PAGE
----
@edsu @neil @mike_hales that reminds me I've been looking for an good opportunity to move my inner brain work to and the one just might have appeared over the last weeks...

@nilsreichert I'm happy with my editors, but it's always good to know about new shiny ones to recommend when trying to win people over to markdown!

@edsu @mike_hales @neil Ed: nice little script. I am starting to use for note-taking and participating in a new project aimed at shared, versioned, markdown files:

@band looks interesting, thanks for sharing. You may also be interested in Agora (, massive seems similar in concept i.e. aggregating individual collections of markdown in to something bigger.

@neil gracias. will check it out. there are a number of decentralized projects afoot these days.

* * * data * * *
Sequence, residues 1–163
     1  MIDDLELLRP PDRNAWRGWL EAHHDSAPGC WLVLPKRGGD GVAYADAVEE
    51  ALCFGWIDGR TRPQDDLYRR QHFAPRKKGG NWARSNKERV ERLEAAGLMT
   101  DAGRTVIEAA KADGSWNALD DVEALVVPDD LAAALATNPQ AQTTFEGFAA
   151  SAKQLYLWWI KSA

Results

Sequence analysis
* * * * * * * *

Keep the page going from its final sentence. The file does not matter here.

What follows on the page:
@mike_hales @edsu FedWiki is great. I guess one thing that niggled me is it feels something of a monoculture. This comes from a position of ignorance of it though - is it not? How does it interoperate beyond FedWiki? I like the idea of a plurality of ways of making wikis, and then thinking how to conjoin them all.

> something of a monoculture

This year, the fedwiki wizards have been doing a lot of work on the edges of 'traditional' fedwiki, interworking with other media. Part of their focus on 'edge computing'.

It's necessary to be in the chats (regular, weekly video hangouts, or continuous matrix) to pick up the vibes. It's not obvious on the face of wiki 'straight out of the can'. Fedwiki is about being willing to do a certain amount of work to connect with others? Or with oneself!